Toshiba: Proof Of Life

Posted by James Segars on March 4, 2008 
Filed Under: Format War, HD DVD

toshiba.jpgWith the format war "safely" behind them, Toshiba is undeniably down, but certainly not out, according to Toshiba’s own, Atsutoshi Nishida.

Nishida shared with the WSJ that although HD DVD is toast, that they aren’t giving up the fight.  No, through a re-jigging of their "up-conversion is better" strategy, Toshiba will drop the HD DVD tech, and focus entirely on up-converting players in the future.  This of course coincides with their plans to ignore Blu-ray altogether, as previously announced.

We’re not entirely sure HOW good an up-converter might look in the future, or whether or not the studios will stick to their SD DVD guns, but as for now we don’t see anything besting HD DVD and Blu-ray for some time to come, especially not up-converters.

Read, WSJ.


No related posts.


14 Responses to “Toshiba: Proof Of Life”

  1. burndive on March 4th, 2008 1:53 pm

    It’s mathematically impossible to “best” Blu-ray only using the data on a DVD.

    However, Toshiba seems to be keying in on the fact that we all have a library of DVDs, and that it’s not worth it to re-buy our entire catalog. Instead, they want you to buy one of their Super Upconverting players, which are “close enough” that you don’t need to buy a $30 Blu-ray for it to look good on a 1080p set.

  2. pete on March 4th, 2008 2:11 pm

    burndive I agree with what you say – except, thing is, we don’t ALL have DVD libraries. There’s plenty of potential new consumers who haven’t yet started a meaningful library of anything, and are just finding money to do so.

  3. Mi on March 4th, 2008 2:20 pm

    Proof of coma.

    That’s just dumb. Don’t try to make it a triumph that they’re going to just sell old technology. That’s what doomed HDVD in the first place.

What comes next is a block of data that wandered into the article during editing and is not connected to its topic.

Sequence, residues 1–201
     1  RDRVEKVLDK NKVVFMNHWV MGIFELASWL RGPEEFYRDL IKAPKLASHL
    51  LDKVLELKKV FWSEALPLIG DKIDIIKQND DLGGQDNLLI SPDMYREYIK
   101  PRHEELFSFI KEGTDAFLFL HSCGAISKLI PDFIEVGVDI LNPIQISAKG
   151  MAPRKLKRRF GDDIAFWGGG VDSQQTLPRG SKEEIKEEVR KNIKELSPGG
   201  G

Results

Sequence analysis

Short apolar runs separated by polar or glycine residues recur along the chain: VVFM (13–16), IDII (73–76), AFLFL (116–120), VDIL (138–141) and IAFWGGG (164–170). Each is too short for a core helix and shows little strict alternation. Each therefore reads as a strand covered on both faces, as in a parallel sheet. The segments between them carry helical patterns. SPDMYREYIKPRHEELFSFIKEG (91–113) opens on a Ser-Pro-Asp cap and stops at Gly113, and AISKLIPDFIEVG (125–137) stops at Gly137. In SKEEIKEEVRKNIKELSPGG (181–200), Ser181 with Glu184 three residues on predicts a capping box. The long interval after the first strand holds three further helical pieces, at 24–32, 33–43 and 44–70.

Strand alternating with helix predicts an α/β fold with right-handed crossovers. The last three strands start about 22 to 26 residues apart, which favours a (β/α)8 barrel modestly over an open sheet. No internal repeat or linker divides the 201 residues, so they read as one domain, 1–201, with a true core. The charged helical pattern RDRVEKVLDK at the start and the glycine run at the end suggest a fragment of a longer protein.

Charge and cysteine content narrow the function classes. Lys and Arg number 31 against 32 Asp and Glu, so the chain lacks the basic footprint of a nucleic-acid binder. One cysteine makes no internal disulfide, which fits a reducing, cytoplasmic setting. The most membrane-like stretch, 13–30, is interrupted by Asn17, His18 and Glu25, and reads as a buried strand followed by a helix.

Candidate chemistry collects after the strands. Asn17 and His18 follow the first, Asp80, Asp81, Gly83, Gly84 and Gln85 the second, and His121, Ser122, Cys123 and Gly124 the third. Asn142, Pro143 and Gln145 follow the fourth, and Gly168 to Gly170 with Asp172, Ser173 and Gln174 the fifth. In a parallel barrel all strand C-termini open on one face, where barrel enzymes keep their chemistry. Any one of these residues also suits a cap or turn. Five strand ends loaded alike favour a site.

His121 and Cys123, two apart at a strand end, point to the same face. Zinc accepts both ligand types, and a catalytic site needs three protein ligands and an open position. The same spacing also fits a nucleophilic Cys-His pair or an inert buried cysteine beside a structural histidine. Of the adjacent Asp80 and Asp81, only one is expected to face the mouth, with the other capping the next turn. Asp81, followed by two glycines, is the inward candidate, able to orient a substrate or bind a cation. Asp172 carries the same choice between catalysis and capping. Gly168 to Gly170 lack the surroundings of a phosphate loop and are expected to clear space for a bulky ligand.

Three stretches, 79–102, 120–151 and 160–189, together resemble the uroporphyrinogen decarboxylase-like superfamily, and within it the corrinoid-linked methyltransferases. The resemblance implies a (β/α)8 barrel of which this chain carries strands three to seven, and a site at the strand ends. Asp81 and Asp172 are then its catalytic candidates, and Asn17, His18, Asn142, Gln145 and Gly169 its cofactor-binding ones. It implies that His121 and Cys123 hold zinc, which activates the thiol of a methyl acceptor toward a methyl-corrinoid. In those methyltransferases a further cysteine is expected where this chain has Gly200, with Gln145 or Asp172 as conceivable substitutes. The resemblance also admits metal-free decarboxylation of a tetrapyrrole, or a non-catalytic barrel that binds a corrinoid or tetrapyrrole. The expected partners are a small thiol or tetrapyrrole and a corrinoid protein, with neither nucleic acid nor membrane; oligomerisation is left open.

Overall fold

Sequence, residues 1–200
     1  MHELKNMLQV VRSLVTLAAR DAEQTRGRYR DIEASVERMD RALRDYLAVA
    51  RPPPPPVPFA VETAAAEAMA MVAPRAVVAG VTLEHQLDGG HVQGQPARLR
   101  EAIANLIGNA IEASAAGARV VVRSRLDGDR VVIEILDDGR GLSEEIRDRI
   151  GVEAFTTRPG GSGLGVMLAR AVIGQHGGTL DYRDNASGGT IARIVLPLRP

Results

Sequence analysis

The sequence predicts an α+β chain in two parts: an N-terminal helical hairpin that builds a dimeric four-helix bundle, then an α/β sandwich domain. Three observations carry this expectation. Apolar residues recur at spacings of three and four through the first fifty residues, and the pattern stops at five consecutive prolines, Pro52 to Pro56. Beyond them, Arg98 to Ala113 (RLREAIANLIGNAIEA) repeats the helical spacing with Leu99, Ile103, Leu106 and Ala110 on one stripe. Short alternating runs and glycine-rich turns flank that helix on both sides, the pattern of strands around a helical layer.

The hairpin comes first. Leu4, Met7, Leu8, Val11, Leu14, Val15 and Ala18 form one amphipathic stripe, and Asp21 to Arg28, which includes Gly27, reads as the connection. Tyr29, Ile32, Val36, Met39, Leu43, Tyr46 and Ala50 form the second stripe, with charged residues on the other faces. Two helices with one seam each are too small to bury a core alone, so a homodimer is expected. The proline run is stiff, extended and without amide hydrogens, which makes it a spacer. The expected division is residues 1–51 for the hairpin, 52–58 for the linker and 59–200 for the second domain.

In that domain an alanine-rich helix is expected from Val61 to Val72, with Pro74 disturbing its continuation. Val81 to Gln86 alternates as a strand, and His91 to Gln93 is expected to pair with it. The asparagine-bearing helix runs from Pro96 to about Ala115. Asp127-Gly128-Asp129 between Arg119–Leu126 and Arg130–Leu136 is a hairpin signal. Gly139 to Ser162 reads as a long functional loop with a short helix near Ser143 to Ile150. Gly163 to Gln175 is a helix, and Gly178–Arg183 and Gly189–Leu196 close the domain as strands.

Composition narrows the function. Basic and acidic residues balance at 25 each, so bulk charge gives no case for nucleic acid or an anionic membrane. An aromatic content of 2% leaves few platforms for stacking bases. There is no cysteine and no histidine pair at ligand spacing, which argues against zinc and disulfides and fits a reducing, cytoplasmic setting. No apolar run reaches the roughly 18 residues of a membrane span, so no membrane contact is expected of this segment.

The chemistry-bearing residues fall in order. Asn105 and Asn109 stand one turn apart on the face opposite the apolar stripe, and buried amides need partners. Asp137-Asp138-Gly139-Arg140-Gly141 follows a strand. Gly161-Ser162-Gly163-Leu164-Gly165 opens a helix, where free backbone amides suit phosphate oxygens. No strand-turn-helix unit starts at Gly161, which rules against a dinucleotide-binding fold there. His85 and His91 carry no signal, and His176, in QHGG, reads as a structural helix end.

4. Jared on March 4th, 2008 2:58 pm

    How funny. Toshiba SUC’s…..yes they do!

  5. paulw on March 4th, 2008 4:02 pm

    Mark my words. At CES 2009 Toshiba will have their new Holographic Disk format (HDF) on show. The above is all a diversion to get people off the track :-)

  6. James Segars on March 4th, 2008 5:09 pm


    I’m not saying it’s a triumph, just letting you know their plans for the future.

    No need to get hostile.

  7. Mehar on March 4th, 2008 7:38 pm

    Ha this is pretty funny, Id like to see how their “new” upscaling technology is compared to Blu Ray and HD DVD films.

    Personally I have never seen a upscaled film running, only a crappy upscalled version running on Samsung’s blu ray player, it sucked it was really grainy!

    You guys, this is pretty neat, look into something called a VHS upscaler, I think its by Sharp or Panasonic.

  8. Belard on March 4th, 2008 8:37 pm

    This is stupid… there is NOTHING to concentrate as everyone makes up-scaling DVD players, which is not really all that hard to do.

    Sure, those of us with HUNDREDS of DVDs are not going to replace their entire collection – but they will add Blu for those films that can make use of 3x the detail, usually sci-fi or latest films… ah another copy of Star Wars and Blade Runner is in my future! A movie like RV will be just as crappy on HiDef as VHS 3rd gen copy.

    Upscaling is a good thing, but still looks like blurry crap. You CANNOT ADD detail that isn’t there!

    If upscaling was all that was needed to begin with, nobody would have bother developing, marking and promoting these higher capacity drives and encoding systems.

  9. Jonsson on March 5th, 2008 12:59 am

    This was the dumbest thing I’ve heard in a long time. Completely idiotic! Now I’m going to make sure that I stay clear of any Toshiba products altogether, DVD or otherwise.